The platoon is later sent back to the area in order to maintain heavy defensive positions against potential attacks. King, whom Taylor developed a friendship with, is sent home just before the fighting begins. Taylor shares a foxhole with Francis (Corey Glover). That night, an onslaught occurs and the defensive lines are broken. Several soldiers in the platoon including Junior, Bunny and Wolfe, are killed, while O'Neill barely escapes death in his foxhole by hiding under the cover of a dead soldier. To make matters worse, an NVA sapper armed with a satchel charge and a belt of explosives rushes in past the command post's defenses and self-detonates when inside the battalion HQ, killing everyone inside. Meanwhile, Captain Harris orders his air support to expend all remaining ordnance inside his perimeter. During the chaos, Taylor encounters Barnes but the wounded sergeant attacks Taylor. Just before Barnes can pummel Taylor with his E-tool, both men are knocked unconscious by a nearby napalm strike explosion. Taylor regains consciousness and finds an injured Barnes. Taylor shoots Barnes, killing him. Taylor is about to commit suicide before reinforcements arrive and find him. Francis, who survived the battle unharmed but deliberately stabs himself. As Taylor is about to be loaded onto a helicopter, Francis reminds Taylor that because they have been wounded, they can return home. O'Neill, who desperately wants to go home, is told he will replace Barnes. The helicopter flies away and Taylor weeps as he stares down at the death and destruction.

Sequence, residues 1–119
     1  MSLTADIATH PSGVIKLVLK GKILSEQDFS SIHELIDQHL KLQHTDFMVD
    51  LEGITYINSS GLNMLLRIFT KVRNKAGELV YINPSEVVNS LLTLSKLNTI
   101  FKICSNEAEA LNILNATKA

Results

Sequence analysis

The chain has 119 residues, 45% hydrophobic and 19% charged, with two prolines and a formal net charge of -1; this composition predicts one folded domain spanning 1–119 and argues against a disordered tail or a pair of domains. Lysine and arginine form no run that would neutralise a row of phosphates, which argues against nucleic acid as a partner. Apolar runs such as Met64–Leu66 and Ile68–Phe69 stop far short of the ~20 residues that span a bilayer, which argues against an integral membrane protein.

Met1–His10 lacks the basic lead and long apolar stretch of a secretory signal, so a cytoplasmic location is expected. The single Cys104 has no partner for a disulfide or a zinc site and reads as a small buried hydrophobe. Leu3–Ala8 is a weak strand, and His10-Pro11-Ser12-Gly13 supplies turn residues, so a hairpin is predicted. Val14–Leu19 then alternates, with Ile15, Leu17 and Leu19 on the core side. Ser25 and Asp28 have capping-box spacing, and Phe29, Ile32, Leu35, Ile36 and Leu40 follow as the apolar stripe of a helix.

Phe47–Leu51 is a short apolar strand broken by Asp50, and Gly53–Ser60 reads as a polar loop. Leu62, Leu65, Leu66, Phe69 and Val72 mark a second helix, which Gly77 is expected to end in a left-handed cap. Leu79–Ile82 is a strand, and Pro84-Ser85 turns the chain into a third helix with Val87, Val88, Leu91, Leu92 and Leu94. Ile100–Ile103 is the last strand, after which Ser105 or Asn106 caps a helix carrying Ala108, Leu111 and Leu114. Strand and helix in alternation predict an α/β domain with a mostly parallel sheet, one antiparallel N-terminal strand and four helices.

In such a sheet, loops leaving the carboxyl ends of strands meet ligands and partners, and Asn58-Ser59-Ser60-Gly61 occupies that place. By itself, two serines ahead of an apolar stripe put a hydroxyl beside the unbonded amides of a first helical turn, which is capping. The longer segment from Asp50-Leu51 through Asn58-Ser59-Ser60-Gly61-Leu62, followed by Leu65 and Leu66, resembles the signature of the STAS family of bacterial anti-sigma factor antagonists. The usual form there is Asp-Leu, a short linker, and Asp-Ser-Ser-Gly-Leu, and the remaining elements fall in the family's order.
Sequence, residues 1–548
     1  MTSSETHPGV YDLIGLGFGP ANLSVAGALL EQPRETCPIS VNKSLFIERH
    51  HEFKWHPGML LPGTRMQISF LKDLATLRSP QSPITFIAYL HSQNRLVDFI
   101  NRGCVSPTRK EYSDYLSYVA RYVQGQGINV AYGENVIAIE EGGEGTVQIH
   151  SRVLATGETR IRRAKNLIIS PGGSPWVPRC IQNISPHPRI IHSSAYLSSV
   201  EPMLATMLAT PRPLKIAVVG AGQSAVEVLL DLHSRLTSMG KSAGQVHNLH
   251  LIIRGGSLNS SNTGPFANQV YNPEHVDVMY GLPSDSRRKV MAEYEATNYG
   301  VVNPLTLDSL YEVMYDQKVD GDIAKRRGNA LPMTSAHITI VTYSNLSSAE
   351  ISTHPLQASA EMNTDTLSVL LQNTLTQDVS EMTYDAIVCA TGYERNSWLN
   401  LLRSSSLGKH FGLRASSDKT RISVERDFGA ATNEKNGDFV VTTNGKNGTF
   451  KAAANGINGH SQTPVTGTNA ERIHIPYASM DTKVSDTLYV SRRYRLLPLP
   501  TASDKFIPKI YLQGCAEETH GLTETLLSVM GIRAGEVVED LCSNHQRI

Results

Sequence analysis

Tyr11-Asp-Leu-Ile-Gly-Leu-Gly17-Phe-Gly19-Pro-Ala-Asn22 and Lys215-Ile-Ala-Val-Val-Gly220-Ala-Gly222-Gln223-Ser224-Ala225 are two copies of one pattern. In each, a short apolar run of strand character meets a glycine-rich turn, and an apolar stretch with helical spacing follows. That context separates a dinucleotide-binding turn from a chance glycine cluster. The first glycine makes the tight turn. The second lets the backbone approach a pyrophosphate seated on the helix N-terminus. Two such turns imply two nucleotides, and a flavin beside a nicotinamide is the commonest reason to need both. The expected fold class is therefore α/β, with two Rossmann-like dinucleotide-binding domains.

• Charlie Sheen as Chris
  • Tom Berenger as Sergeant Barnes
  • Willem Dafoe as Sergeant Elias
  • Forest Whitaker as Big Harold
  • Francesco Quinn as Rhah
  • John C. McGinley as Sergeant O'Neill
  • Richard Edson as Sal
  • Kevin Dillon as Bunny
  • Reggie Johnson as Junior
  • Keith David as King
  • Johnny Depp as Lerner
  • David Neidorf as Tex
  • Mark Moses as Lieutenant Wolfe
  • Chris Pedersen as Crawford
  • Corkey Ford as Manny
  • Corey Glover as Francis
  • Bob Orwig as Gardner
  • Tony Todd as Warren
  • Kevin Eshelman as Morehouse
  • James Terry McIlvain as Ace
  • J. Adam Glover as Sanderson
  • Ivan Kane as Tony
  • Paul Sanchez as Doc
  • Captain Dale Dye as Captain Harris
  • Peter Hicks as Parker
  • Basile Achara as Flash
  • Steve Barredo as Fu Sheng
  • Chris Castillejo as Rodriquez
  • Andrew B. Clark as Tubbs
  • Bernardo Manalili as Village Chief
  • Than Rogers as Village Chief's Wife
  • Li Thi Van as Village Chief's Daughter
  • Clarisa Ortacio as Old Woman
  • Romy Sevilla as One-Legged Man
  • Matthew Westfall as Terrified Soldier